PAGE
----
The answer is really, ridiculously simple. Everyone has only 24 hours in a day, and while men can get away with spending 18 of them away from home, fact is, women still can’t. Balancing professional and personal life can therefore become extremely challenging, leading to women choosing easier, more structured career options.

For this to change, I feel there have to be two radical shifts in mindsets, and a few logistical initiatives. First, we need to change the thought process that it’s okay for men to spend 18 hours a day at work. It really is not! For one, that’s a really ridiculous work-life balance, and more importantly, it sets unreasonable standards for women. Well, in fact, for everyone really. Even a man who would rather not work 18 hours a day finds himself “falling behind” in the profession in comparison to those who don’t have any such compunctions. The second radical mindset shift is on the assumption that it is a woman’s job to mind the house. It isn’t. If a woman chooses to prioritise her career over cooking dinner, she’s just as entitled to understanding, compassion and support as a man.

On to the logistical initiatives and support then.

Don’t undermine the women in your team! Nurture their talent, judge their productivity by the quality of the work that they do, not by the hours they spend in the office. Take a compassionate approach in assessing performance, recognize individual strengths and support professional growth. Pioneer initiatives that not only encourage your leadership to adopt inclusive and compassionate leadership styles, but also encourage women to take on prominent leadership roles within the organization. Ensure that the women in your team aren’t at a disadvantage in terms of compensation. Speaking of, don’t make your team work for peanuts, period! It might be a good idea to regularly review your organisation’s salary structures to identify and rectify any gender-based pay gaps. Make a genuine effort to acknowledge and recognize the additional responsibilities and unpaid labor often shouldered by the women in your team. Ensure that their contributions beyond formal job roles, such as mentorship and community involvement, are valued and acknowledged.

Promote a compassionate, flexible work schedule for your team. Offer everyone in your team/firm a healthy work-life balance, not just the women, because they’re all human beings who deserve to have a life outside of work. Support your team, especially the women, in balancing their professional and personal responsibilities.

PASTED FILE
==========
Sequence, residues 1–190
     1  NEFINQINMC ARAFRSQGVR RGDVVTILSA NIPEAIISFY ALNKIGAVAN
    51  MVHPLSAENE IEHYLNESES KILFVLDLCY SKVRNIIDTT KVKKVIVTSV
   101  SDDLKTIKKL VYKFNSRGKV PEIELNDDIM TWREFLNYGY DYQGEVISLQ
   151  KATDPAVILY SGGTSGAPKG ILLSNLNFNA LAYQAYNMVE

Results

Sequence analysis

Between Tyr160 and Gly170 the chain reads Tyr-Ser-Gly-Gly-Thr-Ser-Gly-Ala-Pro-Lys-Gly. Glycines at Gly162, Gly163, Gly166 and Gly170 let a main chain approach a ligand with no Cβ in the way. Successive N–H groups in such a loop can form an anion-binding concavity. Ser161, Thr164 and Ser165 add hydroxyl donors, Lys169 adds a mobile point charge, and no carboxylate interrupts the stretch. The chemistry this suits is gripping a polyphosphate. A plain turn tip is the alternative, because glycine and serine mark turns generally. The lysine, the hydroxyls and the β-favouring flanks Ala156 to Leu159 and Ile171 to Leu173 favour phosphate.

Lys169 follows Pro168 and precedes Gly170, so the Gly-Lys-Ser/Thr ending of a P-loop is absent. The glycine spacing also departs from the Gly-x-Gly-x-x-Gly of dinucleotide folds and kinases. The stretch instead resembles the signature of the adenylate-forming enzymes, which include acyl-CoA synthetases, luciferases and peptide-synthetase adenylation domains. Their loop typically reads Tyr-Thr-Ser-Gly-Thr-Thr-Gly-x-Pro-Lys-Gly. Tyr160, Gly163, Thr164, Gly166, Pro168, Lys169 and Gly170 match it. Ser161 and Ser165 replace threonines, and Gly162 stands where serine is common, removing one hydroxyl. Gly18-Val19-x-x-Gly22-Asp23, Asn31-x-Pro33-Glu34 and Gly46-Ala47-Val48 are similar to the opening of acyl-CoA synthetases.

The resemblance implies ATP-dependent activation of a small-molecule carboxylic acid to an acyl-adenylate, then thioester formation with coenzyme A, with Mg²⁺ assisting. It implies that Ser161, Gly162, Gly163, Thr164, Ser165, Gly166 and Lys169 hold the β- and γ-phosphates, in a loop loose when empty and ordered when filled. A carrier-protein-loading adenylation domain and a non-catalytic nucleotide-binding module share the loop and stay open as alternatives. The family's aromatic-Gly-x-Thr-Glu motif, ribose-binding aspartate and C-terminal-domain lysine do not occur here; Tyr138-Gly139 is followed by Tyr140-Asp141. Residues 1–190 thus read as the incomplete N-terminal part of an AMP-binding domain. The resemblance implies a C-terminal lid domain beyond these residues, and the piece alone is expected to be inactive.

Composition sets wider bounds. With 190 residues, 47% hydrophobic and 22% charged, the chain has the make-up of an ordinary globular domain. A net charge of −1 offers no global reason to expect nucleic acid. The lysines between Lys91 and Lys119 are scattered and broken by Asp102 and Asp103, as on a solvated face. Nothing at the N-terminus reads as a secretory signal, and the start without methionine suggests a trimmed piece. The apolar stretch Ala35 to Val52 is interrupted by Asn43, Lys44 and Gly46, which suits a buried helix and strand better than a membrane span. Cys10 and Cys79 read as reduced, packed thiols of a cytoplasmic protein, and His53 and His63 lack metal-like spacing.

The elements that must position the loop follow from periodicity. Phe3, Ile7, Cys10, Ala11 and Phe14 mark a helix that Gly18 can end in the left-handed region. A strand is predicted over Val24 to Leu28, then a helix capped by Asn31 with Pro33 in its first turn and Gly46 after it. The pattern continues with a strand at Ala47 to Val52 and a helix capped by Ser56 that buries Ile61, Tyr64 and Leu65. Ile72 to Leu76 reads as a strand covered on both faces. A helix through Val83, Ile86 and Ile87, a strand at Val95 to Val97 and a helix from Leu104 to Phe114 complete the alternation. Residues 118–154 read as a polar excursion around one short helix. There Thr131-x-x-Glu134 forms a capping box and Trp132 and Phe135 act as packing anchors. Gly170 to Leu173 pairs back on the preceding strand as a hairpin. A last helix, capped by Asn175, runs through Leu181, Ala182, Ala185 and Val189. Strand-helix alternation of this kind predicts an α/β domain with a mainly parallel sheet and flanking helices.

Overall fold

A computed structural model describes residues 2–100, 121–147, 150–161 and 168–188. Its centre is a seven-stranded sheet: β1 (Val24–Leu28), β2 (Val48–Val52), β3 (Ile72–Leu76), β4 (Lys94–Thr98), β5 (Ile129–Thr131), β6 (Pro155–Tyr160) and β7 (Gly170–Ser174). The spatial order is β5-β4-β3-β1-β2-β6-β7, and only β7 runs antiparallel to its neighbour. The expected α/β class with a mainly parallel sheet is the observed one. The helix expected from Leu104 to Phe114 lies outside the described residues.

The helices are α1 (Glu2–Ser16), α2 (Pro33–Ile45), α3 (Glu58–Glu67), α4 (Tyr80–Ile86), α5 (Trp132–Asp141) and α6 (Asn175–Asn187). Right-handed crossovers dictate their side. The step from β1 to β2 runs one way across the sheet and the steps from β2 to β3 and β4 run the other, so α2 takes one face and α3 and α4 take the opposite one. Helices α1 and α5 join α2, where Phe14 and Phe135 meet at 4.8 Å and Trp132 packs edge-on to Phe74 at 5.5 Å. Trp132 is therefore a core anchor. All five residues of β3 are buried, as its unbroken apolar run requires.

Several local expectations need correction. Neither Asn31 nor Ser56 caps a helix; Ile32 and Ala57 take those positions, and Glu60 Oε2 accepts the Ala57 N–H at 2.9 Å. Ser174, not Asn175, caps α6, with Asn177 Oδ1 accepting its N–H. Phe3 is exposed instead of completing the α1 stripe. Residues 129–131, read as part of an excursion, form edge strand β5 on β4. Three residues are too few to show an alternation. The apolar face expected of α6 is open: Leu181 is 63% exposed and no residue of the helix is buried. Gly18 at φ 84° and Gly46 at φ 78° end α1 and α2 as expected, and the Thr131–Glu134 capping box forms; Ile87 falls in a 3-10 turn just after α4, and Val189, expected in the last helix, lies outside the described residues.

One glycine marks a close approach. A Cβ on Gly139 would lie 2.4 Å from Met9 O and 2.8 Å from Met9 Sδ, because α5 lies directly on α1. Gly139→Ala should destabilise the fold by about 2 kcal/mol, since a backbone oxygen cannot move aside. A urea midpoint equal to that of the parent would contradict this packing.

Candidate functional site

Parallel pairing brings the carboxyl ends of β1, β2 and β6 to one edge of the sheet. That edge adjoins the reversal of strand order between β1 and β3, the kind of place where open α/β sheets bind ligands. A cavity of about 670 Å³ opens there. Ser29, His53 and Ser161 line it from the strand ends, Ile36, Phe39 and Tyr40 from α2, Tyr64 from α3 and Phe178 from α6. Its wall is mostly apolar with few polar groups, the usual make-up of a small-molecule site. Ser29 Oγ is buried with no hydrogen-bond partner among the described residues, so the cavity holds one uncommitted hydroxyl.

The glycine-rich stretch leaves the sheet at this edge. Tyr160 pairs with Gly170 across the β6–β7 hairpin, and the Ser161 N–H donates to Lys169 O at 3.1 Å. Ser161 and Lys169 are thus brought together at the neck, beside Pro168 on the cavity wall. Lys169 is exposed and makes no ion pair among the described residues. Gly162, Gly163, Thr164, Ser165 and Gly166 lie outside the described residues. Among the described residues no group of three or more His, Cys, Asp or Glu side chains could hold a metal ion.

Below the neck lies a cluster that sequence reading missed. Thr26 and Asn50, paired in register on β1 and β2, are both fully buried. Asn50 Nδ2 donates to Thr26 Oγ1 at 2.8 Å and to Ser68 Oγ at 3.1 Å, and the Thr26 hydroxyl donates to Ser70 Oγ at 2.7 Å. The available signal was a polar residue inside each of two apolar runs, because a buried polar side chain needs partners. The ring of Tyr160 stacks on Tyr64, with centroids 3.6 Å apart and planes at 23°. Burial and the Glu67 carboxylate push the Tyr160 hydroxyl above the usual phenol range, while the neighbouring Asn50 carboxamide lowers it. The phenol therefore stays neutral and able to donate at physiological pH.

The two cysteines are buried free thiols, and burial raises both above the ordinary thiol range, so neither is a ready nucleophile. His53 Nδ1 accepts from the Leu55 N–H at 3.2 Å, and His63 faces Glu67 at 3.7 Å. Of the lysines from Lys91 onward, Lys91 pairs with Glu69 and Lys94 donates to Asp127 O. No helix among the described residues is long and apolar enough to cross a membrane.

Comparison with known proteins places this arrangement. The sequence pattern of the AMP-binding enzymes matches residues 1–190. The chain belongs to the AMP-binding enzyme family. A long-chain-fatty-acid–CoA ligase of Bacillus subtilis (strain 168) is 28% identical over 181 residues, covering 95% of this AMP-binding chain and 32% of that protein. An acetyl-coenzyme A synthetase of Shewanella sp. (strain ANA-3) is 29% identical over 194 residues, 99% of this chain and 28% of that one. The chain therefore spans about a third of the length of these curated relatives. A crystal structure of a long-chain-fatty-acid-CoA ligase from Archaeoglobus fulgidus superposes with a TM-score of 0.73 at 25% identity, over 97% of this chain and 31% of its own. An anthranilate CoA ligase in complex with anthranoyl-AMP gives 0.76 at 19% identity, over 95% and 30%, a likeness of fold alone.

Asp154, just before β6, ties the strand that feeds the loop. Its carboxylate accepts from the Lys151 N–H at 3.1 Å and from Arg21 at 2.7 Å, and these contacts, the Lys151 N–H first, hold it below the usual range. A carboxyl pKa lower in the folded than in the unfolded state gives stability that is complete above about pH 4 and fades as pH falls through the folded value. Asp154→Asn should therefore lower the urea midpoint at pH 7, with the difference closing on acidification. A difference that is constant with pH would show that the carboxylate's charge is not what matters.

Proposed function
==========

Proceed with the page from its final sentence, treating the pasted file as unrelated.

Usually, a person’s quality of work doesn’t depend on whether they are sitting in a cubicle next to you or on their bed, and as long as that remains unchanged, why do you need to see them in office anyway? There is ample research to show that working remotely and having flexible hours enhances work-life balance, and well-rested and fulfilled individuals are far more likely to be productive and successful in their careers than burnt-out, frustrated ones.

Does it make sense then to cling to traditional workplace hours and expectations? Isn’t it better to take advantage of technology and focus on better productivity instead? A cultural shift that supports the integration of work and personal life for both men and women and promotes a family-friendly atmosphere within litigation firms is crucial. Given that even our courts have implemented virtual hearings and are acknowledging the benefits of remote work, should you really be falling behind?

Promote awareness and understanding of mental health issues and their impact on professional life. Establishing support systems and resources for mental well-being, including counseling services and stress management programs, will foster an empathetic workplace and reduce attrition. By infusing compassion into workplace policies, leadership practices and cultural norms within the litigation industry in India, it becomes possible to create an environment where women feel supported, valued and empowered to thrive in their professional endeavors. Compassion not only contributes to individual well-being but also strengthens the overall fabric of the legal community.